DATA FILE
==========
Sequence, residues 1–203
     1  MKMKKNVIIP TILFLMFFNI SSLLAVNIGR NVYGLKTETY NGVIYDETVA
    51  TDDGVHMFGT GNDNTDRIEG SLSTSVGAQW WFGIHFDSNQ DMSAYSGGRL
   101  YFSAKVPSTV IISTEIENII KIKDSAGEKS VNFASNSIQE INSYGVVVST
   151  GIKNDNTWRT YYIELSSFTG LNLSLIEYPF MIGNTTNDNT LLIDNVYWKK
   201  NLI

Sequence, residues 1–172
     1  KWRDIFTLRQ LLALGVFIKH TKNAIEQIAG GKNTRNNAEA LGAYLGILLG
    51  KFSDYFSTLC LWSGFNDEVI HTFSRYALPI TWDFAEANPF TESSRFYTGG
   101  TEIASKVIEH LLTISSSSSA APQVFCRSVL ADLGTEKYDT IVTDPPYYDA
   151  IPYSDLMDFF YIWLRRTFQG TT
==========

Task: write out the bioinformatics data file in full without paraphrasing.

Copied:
Sequence, residues 1–203
     1  MKMKKNVIIP TILFLMFFNI SSLLAVNIGR NVYGLKTETY NGVIYDETVA
    51  TDDGVHMFGT GNDNTDRIEG SLSTSVGAQW WFGIHFDSNQ DMSAYSGGRL
   101  YFSAKVPSTV IISTEIENII KIKDSAGEKS VNFASNSIQE INSYGVVVST
   151  GIKNDNTWRT YYIELSSFTG LNLSLIEYPF MIGNTTNDNT LLIDNVYWKK
   201  NLI

Sequence, residues 1–172
     1  KWRDIFTLRQ LLALGVFIKH TKNAIEQIAG GKNTRNNAEA LGAYLGILLG
    51  KFSDYFSTLC LWSGFNDEVI HTFSRYALPI TWDFAEANPF TESSRFYTGG
   101  TEIASKVIEH LLTISSSSSA APQVFCRSVL ADLGTEKYDT IVTDPPYYDA
   151  IPYSDLMDFF YIWLRRTFQG TT